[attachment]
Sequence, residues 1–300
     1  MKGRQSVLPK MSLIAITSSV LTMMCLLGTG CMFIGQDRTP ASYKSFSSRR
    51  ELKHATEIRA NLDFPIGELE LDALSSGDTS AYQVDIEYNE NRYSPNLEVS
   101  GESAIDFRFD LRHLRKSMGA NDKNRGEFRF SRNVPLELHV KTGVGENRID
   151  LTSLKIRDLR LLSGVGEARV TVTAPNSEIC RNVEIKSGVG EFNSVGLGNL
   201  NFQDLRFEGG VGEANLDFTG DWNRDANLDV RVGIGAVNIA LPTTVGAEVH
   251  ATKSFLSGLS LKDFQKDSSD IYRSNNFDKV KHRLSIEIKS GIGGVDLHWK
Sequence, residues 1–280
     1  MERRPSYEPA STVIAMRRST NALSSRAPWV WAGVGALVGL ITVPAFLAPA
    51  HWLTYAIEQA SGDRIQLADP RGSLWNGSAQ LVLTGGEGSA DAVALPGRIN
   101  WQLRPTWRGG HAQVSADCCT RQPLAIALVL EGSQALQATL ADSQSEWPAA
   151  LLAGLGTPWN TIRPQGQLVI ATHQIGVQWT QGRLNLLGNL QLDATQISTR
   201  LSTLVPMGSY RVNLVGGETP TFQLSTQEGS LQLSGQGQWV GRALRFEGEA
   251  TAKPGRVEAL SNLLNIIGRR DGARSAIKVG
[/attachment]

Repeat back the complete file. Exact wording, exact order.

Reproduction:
Sequence, residues 1–300
     1  MKGRQSVLPK MSLIAITSSV LTMMCLLGTG CMFIGQDRTP ASYKSFSSRR
    51  ELKHATEIRA NLDFPIGELE LDALSSGDTS AYQVDIEYNE NRYSPNLEVS
   101  GESAIDFRFD LRHLRKSMGA NDKNRGEFRF SRNVPLELHV KTGVGENRID
   151  LTSLKIRDLR LLSGVGEARV TVTAPNSEIC RNVEIKSGVG EFNSVGLGNL
   201  NFQDLRFEGG VGEANLDFTG DWNRDANLDV RVGIGAVNIA LPTTVGAEVH
   251  ATKSFLSGLS LKDFQKDSSD IYRSNNFDKV KHRLSIEIKS GIGGVDLHWK
Sequence, residues 1–280
     1  MERRPSYEPA STVIAMRRST NALSSRAPWV WAGVGALVGL ITVPAFLAPA
    51  HWLTYAIEQA SGDRIQLADP RGSLWNGSAQ LVLTGGEGSA DAVALPGRIN
   101  WQLRPTWRGG HAQVSADCCT RQPLAIALVL EGSQALQATL ADSQSEWPAA
   151  LLAGLGTPWN TIRPQGQLVI ATHQIGVQWT QGRLNLLGNL QLDATQISTR
   201  LSTLVPMGSY RVNLVGGETP TFQLSTQEGS LQLSGQGQWV GRALRFEGEA
   251  TAKPGRVEAL SNLLNIIGRR DGARSAIKVG